Those 8 hours of travelling will count.

 

 

If you deal with the cared for person's financial affairs, do their washing etc in your own home, those hours are counted.

Even time spent with the cared for person providing support and encouragement are caring hours.

 

 

In other words if you believe that there are hours in each week that you carry out some form or type of caring for the benefit of the cared for person,

then you count them.

 

 

Over a week that would be at least 5 hours a day on average.

 

You may stay with the cared for person for 24 hours and go back the following day,

then those 24 hours are counted as well as are the hours taken to get there and back.

 

A case that I am aware of is where the carer lives 200 miles away and stays from 12noon on the Saturday

(the time that they arrive) to 2pm on the Sunday (the time when they set off to return) with the cared for person every weekend.

 

 

In that case the travelling time of 5 hours each way added to the 26 hours

that they spend with the cared for person adds up to 36 hours each week!

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I feel better just reading "However the definition of what constitutes cared for hours does not exist" as I couldn't find one and thought I was missing something :smile:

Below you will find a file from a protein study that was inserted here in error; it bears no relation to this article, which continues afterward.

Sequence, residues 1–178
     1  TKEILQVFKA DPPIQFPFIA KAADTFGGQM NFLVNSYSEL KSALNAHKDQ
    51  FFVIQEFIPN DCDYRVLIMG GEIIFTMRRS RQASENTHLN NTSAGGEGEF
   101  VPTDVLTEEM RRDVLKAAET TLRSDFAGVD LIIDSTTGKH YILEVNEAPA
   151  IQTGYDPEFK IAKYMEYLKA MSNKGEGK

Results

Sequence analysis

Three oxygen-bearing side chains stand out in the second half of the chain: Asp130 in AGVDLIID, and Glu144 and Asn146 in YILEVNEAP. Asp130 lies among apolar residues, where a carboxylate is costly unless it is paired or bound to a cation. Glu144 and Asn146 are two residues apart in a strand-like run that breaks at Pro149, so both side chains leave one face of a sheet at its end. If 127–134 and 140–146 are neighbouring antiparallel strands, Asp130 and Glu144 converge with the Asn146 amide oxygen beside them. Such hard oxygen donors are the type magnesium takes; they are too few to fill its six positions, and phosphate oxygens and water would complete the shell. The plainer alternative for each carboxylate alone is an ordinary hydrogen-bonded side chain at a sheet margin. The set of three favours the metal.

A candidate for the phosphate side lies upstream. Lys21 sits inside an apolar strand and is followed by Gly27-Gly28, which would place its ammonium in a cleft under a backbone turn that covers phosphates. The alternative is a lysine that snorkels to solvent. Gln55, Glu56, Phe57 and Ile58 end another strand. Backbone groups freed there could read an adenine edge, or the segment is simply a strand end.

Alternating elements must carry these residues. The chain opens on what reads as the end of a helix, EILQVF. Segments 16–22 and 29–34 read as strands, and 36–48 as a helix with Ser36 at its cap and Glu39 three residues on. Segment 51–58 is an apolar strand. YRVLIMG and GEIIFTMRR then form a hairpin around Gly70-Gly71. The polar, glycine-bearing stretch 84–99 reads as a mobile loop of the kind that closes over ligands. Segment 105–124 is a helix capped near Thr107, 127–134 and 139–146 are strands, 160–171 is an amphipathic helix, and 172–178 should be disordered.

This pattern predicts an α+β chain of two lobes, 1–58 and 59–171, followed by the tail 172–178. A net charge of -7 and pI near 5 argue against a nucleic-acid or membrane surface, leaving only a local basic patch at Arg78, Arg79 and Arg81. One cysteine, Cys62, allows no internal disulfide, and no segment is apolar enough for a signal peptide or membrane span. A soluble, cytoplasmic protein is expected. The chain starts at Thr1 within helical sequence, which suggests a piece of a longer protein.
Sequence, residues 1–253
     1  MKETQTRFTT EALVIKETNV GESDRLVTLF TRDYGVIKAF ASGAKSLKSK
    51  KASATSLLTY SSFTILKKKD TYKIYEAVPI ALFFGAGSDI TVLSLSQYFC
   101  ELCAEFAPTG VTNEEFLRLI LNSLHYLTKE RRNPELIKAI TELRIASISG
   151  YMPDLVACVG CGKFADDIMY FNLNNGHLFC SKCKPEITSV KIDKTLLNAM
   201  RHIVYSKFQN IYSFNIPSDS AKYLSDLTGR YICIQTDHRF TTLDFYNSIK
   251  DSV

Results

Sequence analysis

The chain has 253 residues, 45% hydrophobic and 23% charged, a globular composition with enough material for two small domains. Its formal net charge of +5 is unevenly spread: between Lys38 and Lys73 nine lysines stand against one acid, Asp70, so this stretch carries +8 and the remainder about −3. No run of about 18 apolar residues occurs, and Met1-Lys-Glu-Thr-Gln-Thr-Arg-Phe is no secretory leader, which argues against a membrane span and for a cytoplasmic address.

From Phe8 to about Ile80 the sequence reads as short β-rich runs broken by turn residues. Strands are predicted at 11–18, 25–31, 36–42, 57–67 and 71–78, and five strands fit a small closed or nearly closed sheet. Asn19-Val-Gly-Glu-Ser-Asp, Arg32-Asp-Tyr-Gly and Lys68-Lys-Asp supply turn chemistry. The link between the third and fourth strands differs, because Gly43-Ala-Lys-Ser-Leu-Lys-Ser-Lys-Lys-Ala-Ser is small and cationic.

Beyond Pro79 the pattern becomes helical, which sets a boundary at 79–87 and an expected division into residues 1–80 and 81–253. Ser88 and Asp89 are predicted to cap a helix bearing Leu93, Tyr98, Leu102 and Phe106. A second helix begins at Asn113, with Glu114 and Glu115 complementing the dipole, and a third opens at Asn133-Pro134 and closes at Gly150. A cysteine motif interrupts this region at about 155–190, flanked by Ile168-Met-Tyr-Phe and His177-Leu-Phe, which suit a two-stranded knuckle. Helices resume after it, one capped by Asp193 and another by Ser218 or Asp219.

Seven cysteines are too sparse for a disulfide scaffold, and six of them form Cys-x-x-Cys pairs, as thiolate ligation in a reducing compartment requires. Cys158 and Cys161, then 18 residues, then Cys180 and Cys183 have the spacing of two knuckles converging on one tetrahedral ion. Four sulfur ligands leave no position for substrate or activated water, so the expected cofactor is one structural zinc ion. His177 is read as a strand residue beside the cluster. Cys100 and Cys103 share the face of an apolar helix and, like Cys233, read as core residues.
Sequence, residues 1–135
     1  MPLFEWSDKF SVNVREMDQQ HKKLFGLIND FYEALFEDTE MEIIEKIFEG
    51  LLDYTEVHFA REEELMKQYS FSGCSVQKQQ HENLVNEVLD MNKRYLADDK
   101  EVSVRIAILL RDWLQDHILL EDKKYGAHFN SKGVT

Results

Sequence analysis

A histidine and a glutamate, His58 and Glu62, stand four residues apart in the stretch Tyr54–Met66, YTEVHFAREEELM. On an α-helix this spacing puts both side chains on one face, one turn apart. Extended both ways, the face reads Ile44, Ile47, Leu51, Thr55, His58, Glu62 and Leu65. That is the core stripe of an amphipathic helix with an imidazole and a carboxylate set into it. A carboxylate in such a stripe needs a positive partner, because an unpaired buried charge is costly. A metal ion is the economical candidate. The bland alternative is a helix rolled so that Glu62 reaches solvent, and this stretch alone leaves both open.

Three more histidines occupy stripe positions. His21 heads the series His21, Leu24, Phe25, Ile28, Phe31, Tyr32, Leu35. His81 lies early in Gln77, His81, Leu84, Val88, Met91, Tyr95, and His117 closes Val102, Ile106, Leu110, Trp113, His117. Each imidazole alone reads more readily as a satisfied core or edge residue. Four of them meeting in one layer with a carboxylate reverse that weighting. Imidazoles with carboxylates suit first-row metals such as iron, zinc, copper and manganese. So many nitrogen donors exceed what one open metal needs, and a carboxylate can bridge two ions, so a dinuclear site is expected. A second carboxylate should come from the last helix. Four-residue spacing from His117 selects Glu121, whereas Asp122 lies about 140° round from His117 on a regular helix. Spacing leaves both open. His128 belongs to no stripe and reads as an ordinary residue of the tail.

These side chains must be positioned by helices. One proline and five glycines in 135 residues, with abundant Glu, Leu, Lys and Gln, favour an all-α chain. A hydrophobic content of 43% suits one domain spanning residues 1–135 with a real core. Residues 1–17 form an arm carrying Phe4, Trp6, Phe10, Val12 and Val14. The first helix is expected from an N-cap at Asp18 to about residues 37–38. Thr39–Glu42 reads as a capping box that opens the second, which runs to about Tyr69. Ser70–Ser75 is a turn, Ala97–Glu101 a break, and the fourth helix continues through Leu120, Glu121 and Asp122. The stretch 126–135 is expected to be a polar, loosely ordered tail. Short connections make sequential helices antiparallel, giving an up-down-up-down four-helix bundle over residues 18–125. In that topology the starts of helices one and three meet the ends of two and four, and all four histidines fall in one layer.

Your very clear description will help; thank you. I just need to sit down and work it all out!

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If your mother lives alone, then please check her benefits to be sure she doesn't currently receive a severe disability premium, as this would be lost if you claim carer's allowance and receive a payment of carer's allowance.

 

However, if you get or will be getting state pension of above the level of carer's allowance then it won't matter as you will just get underlying entitlement to carer's allowance (no payment) and a carer's premium on top of your pension credit, which won't impact any money your mother gets.

We hang the petty thieves and appoint the great ones to public office ~ Aesop

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Thank you Estellyn. I try to keep on top of these things but severe disability premium was something I had never heard of.

 

 

Luckily when mum had a fall three or four years ago (perhaps luckily is wrong word as she broke bones in her pelvis :sad:)

a lady came to help me fill in the forms to tell them how much mum should pay for her care at that time.